This morning I'm hiking with my dog through a familiar ravine, and she's off leash and chasing lizards happily when suddenly a huge noise erupts from a sagebrush. The dog flies straight up in the air, cartoonish, and instantly I know it's a rattlesnake she's nearly stepped on. I know it's "nearly" because she still has her ears perked up in Happy Lizard Hunter mode and looks curious, not pained. She then proceeds to nose around for a better look, so I scream her name and she comes right to me. Good girl. We stand together quietly and the snake continues its racket for a moment, then settles down.
I've lived in the southwest almost my entire life, but this was my first wild-rattlesnake encounter. I've only seen them in zoos. They are quiet and complacent in zoos. In the wild, they are really very loud — I had no idea.
Anyway, the dog and I are fine but in a bit of a pickle here. We are in a deep ravine, the east side of which is pretty much a wall, dotted with cactus. The west slope is gentler, but, you know, snake-inhabited. If I continue my way down the sandy-bottomed arroyo, I cannot give the snake much room. It's a loop hike, so my only other other option is to turn around and go back the way I've come. It's hot, I have to get back home for an appointment, and my car is either a short downhill trot away (if I continue), or a long arduous climb away (if I turn).
It occurs to me this situation feels kind of familiar, but I'm not sure why. I've run into other snakes before, but they are cruising along and not rattling and that is not what's ringing my memory bells.
I shift back and forth on my feet and the snake picks up its rattle again. Man, it sounds really pissed off. Do they always sound like that? I can't see it. Mercifully, there is a big sagebrush between me and the snake. I know it's watching me (the rattle) but it can't launch a neat strike across the distance between us.
OK, I remember what this reminds me of: 1992, Yugoslavia. Actually, Hungary. I'm in Budapest, and I want to get to Greece. For the past few weeks I have been backpacking through Eastern Europe, on spring break from the University of Aberdeen, and I am ready for some beach time. Only now does it occur to me that there's a war between me and the beach. Drat. I go to an embassy for advice: can I go through Romania? "Nope, no Americans allowed." What should I do? "Go back through Austria, around through Italy, and down." That will add days to my itinerary, I'll have no time left for beaches! "Not my problem."
So. I have to push through Yugoslavia (as we were still calling it, sort of), or go back. Unlike Romania, there was no rule against me going through Yugoslavia: nobody would stop me. And as I thought it through, it seemed less and less crazy to continue. Look: the war was not hot at the moment, and no American civilians had been kidnapped or shot at. That I knew of. I'd already seen Austria and hated it, and I'd seen plenty of Italy, plus I would have to go through it again to get back to Scotland anyway.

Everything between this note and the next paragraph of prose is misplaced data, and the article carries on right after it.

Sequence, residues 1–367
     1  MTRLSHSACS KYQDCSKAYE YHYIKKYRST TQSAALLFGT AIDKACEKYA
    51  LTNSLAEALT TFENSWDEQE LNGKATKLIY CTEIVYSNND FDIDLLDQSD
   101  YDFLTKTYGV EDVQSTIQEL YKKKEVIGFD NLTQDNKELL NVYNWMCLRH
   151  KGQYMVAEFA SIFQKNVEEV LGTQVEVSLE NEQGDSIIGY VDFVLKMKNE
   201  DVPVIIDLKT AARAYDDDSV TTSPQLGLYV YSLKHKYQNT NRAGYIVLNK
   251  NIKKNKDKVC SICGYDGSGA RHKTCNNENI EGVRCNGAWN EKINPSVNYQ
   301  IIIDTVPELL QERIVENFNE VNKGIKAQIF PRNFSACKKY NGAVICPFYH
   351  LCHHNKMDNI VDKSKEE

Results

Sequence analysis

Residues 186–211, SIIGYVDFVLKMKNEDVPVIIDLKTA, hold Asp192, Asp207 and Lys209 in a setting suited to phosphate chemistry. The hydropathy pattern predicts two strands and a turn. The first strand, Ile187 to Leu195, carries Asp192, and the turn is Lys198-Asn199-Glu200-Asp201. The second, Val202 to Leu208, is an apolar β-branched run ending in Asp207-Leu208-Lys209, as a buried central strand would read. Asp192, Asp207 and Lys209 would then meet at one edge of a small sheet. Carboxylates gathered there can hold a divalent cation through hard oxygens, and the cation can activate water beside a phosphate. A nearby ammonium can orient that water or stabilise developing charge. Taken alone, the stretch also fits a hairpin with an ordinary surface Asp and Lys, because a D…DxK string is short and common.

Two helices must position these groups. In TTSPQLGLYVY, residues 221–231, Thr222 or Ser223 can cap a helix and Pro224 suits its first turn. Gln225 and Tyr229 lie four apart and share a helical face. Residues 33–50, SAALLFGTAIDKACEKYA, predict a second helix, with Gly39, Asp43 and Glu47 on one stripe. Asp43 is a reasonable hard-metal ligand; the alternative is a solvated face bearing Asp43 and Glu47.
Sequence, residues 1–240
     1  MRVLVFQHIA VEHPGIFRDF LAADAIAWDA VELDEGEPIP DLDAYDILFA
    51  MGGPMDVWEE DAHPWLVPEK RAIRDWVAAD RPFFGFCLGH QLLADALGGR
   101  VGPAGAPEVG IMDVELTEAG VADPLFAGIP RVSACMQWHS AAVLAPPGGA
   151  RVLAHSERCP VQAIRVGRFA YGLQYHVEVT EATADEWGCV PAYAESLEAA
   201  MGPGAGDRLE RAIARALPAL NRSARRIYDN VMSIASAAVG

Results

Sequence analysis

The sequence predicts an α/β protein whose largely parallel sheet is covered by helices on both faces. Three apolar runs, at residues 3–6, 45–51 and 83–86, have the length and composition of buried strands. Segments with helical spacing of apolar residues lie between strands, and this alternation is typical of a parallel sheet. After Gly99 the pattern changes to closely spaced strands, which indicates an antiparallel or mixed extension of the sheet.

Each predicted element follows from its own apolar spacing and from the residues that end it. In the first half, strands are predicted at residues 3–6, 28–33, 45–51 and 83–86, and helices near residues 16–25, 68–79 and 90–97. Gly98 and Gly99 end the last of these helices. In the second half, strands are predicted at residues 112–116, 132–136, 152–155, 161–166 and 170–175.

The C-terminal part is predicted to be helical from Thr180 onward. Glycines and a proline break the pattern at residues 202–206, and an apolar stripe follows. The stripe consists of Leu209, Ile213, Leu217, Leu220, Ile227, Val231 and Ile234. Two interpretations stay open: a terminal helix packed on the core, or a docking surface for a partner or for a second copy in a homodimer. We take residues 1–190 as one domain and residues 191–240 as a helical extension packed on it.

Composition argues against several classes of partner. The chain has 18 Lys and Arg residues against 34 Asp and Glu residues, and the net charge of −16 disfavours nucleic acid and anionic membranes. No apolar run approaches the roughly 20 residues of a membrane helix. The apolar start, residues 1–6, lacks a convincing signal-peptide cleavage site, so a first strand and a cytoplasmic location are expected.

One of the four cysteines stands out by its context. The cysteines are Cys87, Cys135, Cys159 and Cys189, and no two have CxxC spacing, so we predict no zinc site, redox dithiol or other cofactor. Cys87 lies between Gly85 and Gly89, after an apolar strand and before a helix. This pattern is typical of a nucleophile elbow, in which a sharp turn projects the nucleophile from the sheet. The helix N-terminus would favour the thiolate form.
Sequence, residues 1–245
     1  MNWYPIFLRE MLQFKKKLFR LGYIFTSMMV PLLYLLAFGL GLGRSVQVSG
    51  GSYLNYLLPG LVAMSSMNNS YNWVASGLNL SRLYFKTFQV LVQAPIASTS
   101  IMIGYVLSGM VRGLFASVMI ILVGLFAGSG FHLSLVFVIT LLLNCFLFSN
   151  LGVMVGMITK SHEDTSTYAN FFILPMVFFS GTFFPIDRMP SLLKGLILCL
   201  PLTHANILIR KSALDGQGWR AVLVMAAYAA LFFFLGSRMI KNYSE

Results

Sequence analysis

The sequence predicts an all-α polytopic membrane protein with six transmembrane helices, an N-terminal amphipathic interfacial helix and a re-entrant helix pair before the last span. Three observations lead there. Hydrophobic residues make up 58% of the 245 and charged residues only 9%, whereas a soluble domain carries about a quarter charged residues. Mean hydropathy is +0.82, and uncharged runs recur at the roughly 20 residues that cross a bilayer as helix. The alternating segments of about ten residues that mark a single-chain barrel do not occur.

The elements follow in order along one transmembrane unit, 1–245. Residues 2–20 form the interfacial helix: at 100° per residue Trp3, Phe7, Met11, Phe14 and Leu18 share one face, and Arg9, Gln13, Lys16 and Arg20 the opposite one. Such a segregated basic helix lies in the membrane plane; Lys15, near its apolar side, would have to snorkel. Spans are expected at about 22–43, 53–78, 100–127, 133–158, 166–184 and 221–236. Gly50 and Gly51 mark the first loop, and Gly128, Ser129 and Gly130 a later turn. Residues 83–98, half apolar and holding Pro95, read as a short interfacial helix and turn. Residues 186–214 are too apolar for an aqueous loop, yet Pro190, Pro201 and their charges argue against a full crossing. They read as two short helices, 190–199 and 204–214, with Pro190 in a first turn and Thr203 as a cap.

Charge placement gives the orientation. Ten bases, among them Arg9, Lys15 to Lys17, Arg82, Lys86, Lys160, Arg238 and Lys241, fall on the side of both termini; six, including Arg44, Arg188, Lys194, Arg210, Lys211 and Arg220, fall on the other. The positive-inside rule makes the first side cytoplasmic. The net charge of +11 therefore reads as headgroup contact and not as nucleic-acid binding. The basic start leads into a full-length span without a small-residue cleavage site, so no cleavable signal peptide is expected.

So I pushed through. And it turned out fine, although the train was very slow. It was called the "Hellas Express," which was apt only in the "Hell" bit: it traveled so slowly at times I could have walked alongside it, literally. OK, I might have had to jog. But then I couldn't have slept, which is mostly what I did: I slept on trains during the night, I visited cities during the day — efficient. On this train I could not get a seat, so I slept on the floor, which was absolutely filthy. I shared the floor with gypsies, which meant I had to curl up around my pack and not really sleep, but still: I was saving days! And no more Austria. I had to keep this in mind.
At 2 a.m., the train jerked to a stop. This happened a lot that night, so I kept dozing. Then a man came through the train shouting into each compartment, "Americans?" I thought about saying nothing, but all the other eyes in the compartment turned to me when he stuck his head in ours, and so he pinned me with a look. "American," he pronounced. I was ordered to get off the train with about five other Yanks, all of us sleepy and grumpy. None of them looked scared, so I was not scared. They took our passports, and then I was a little bit scared. We waited for what seemed like hours in the damp cool night air, train huffing at a standstill, like it was impatient. Then, with no explanation, we were given our passports back and we got to reboard the train. The other (non-American) passengers glared at me, as if I were personally responsible for the delay. Which, possibly, I was.
But the upshot was: it was fine. I got to Athens in one piece, and from there went island-hopping, and the Greek islands were the most beautiful place I had ever been. Maybe still the most beautiful place I've been. I swam in the Aegeian Sea and it felt totally worth it, even the dirty train floor and the passport thing.
This is flashing through my mind as I contemplate the rattlesnake, which has calmed down again. I am not a foolhardy person; actually I'm fairly cautious. But my caution is up against a clock, plus a big dose of inertia: the forward way feels so much better than reverse. I'm also pretty sure the snake cannot strike me through that bush. If I stay on the very far wall of the ravine, there's some five feet between me and the snake, plus that bush. Lastly, the dog was prancing on top of it and it didn't bite her, so it can't be that horribly aggressive.
I grab dog's collar and we run. I do this high-stepping, half-screaming run ("don't strike don't strike don't strike!"), and the snake is definitely rattling away, but it stays put and we are past it in a flash.
I didn't even have to relinquish my passport.
|Me in the Aegean Sea|